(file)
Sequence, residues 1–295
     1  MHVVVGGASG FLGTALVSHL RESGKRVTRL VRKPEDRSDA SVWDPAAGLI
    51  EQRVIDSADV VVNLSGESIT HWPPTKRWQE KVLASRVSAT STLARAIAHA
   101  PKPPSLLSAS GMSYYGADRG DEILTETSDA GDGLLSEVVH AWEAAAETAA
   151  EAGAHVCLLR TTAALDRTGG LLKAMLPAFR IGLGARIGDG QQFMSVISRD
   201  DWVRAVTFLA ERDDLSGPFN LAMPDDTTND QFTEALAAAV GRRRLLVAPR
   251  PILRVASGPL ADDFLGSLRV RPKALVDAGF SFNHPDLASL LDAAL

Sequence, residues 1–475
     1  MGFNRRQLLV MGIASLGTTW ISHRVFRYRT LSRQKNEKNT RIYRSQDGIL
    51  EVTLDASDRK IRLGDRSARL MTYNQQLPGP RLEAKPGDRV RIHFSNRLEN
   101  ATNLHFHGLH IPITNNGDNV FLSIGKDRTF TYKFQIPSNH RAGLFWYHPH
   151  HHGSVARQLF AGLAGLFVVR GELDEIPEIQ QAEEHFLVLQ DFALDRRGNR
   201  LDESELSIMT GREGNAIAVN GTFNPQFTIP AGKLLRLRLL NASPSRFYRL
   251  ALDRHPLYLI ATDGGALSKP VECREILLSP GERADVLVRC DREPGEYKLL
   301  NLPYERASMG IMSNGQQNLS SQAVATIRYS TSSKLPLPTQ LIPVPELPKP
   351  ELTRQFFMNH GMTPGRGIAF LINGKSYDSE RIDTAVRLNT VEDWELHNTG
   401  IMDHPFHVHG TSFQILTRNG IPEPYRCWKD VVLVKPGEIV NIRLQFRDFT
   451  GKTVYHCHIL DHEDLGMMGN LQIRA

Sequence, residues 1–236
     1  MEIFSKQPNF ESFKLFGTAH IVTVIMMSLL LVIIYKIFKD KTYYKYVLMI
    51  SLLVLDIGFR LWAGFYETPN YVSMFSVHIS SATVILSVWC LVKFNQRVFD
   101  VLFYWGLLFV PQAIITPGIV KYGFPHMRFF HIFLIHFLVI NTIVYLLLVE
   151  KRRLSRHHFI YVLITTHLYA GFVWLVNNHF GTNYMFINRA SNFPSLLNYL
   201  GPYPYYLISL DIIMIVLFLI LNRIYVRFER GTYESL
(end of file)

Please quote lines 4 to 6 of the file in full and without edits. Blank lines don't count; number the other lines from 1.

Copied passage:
   101  PKPPSLLSAS GMSYYGADRG DEILTETSDA GDGLLSEVVH AWEAAAETAA
   151  EAGAHVCLLR TTAALDRTGG LLKAMLPAFR IGLGARIGDG QQFMSVISRD
   201  DWVRAVTFLA ERDDLSGPFN LAMPDDTTND QFTEALAAAV GRRRLLVAPR